Response to Supreme Ct. shutdown ruling

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The Oregon Supreme Court Ruling and Our Statement
By Kevin Mannix,
Common Sense Oregon

We have a ruling from the Oregon Supreme Court in our litigation challenging the Governor’s lockdown orders as to businesses and churches. Our argument was that the 28 day time limit of lockdown order authority applied so the Governor’s lockdown powers had expired. The Supreme Court of Oregon has now ruled that those time limits do not apply when the Governor declares a general emergency.

Here is the media statement which I have issued:

I am disappointed, of course, in the decision by the Oregon Supreme Court. I am not completely surprised, since we realized this case would be affected by the surrounding environment concerning the coronavirus pandemic.

The key legal component to the Oregon Supreme Court decision is that they have infused a specific power from the public health emergency law into the general emergency law. The general emergency law, adopted in 1949, allows the Governor to declare an emergency to deal with disasters such as fires, floods, and storms. It was not designed for epidemics, although it can address outbreaks of disease following a disaster. The general emergency law does not include a provision which allows the Governor to close down churches and businesses throughout the state.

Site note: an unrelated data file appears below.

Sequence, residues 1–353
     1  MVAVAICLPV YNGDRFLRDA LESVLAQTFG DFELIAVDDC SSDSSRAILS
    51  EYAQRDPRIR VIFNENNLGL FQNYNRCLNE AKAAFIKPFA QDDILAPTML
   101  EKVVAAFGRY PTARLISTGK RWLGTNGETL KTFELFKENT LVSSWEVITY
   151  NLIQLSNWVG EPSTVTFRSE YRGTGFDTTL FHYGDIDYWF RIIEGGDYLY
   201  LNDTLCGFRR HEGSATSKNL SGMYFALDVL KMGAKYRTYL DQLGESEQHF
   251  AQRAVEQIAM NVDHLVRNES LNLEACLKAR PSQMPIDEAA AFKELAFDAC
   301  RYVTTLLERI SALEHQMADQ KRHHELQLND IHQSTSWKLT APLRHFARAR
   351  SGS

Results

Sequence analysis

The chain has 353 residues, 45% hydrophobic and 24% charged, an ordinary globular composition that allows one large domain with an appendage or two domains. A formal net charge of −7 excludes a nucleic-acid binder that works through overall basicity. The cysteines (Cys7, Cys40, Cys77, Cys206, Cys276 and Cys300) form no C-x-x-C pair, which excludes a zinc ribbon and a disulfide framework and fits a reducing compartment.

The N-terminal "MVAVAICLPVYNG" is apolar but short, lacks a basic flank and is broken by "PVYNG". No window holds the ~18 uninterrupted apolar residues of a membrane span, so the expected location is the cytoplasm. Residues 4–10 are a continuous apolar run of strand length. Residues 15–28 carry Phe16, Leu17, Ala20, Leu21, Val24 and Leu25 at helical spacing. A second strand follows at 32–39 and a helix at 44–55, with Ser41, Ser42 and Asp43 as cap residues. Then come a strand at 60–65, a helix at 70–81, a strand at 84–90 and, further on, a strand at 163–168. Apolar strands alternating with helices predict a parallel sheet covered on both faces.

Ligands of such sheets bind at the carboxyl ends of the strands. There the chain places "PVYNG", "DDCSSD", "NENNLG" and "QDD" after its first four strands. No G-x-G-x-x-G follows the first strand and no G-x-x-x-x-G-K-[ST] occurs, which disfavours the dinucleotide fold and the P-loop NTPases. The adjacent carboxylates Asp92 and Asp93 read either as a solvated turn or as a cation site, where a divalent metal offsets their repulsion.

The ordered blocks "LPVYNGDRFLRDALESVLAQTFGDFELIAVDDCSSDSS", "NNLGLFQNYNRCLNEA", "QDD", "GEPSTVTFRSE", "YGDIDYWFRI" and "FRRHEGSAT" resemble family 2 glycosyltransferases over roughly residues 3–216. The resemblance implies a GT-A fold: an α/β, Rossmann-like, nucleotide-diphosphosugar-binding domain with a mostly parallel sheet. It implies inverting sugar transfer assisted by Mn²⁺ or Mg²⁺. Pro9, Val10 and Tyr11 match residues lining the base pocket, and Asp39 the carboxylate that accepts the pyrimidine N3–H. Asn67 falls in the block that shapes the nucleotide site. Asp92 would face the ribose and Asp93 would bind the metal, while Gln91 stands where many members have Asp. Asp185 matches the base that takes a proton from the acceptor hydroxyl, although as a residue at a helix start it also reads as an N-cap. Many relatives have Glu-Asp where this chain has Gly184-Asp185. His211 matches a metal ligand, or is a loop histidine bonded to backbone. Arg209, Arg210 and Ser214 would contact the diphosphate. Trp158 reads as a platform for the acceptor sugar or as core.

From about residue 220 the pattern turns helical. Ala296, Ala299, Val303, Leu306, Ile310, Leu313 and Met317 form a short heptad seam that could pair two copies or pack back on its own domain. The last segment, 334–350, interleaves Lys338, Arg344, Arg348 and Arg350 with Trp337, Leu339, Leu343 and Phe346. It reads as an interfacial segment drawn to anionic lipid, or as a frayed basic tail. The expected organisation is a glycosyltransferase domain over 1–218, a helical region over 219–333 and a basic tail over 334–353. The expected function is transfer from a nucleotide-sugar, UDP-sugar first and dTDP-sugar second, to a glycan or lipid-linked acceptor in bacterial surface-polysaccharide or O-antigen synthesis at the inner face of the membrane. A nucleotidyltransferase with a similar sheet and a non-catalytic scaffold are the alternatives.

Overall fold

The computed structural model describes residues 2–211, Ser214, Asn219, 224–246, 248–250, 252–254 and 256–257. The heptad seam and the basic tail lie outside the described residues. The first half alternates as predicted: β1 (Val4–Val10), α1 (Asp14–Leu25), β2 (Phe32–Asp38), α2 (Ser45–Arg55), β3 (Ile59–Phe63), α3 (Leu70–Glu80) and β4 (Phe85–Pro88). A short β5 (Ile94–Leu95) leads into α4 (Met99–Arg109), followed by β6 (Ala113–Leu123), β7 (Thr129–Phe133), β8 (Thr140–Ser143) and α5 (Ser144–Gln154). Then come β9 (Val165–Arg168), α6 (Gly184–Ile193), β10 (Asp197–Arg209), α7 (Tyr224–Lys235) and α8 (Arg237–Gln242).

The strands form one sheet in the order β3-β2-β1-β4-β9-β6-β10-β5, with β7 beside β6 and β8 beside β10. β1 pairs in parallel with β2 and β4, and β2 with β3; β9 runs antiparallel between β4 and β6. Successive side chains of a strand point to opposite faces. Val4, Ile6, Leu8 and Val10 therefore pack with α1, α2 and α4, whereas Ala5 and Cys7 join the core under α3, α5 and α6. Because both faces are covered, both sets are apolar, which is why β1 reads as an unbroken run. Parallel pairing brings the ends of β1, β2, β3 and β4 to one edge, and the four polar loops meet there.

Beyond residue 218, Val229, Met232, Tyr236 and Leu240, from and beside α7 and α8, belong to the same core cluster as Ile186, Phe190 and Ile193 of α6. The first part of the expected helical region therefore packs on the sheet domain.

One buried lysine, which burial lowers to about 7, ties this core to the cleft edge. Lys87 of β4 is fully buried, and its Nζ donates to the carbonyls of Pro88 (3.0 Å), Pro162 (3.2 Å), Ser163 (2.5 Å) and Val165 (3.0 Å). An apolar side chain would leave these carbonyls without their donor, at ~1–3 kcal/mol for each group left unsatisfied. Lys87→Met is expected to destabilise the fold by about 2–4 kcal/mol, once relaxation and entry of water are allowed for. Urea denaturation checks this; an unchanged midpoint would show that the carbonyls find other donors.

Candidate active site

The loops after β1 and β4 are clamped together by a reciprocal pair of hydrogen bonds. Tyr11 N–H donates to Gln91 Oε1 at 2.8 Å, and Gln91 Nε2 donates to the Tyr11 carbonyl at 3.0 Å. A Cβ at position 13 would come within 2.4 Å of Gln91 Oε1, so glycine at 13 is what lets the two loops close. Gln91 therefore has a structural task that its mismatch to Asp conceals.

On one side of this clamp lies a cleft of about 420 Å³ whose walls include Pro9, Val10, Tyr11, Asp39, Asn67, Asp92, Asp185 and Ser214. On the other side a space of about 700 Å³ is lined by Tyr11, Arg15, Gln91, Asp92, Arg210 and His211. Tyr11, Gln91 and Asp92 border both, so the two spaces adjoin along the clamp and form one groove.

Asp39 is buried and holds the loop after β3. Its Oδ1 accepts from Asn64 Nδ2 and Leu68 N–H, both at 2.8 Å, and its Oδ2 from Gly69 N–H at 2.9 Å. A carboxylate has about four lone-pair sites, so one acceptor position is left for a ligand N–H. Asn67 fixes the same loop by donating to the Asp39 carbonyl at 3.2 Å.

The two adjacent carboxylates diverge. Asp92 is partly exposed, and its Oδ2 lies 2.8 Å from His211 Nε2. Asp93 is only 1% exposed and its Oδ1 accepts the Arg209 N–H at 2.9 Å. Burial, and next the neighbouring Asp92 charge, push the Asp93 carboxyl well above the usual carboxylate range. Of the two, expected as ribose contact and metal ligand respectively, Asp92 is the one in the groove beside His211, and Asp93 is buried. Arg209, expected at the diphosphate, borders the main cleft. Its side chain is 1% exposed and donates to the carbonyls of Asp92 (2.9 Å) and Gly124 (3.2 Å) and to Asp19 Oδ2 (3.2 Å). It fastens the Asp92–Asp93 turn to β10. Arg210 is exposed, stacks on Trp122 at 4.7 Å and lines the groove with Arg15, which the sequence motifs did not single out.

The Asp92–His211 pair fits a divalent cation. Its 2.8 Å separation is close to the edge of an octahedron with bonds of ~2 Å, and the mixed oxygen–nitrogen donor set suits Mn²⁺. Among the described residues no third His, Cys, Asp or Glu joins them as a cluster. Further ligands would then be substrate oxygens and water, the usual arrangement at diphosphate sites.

There is one specific provision of the public health emergency law, in ORS 433.441(3), which creates a new power for the Governor, which is to close down businesses and other places where the public gathers, including churches. This lockdown power did not exist before the public health emergency law was enacted. This law, passed in 2003 and 2007, limited public health emergency powers to 28 days.

The Supreme Court has now ruled that, because the public health emergency law co-exists with the general emergency law, the time limits of the public health emergency law do not limit the length of time that the Governor can issue lockdown orders when the Governor declares a general emergency.

We disagree with that interpretation. With this ruling in hand, we will ask the Legislature to amend the law to make it clear that the Governor’s lockdown powers truly do have a 28-day time limit, even when the Governor declares a general emergency.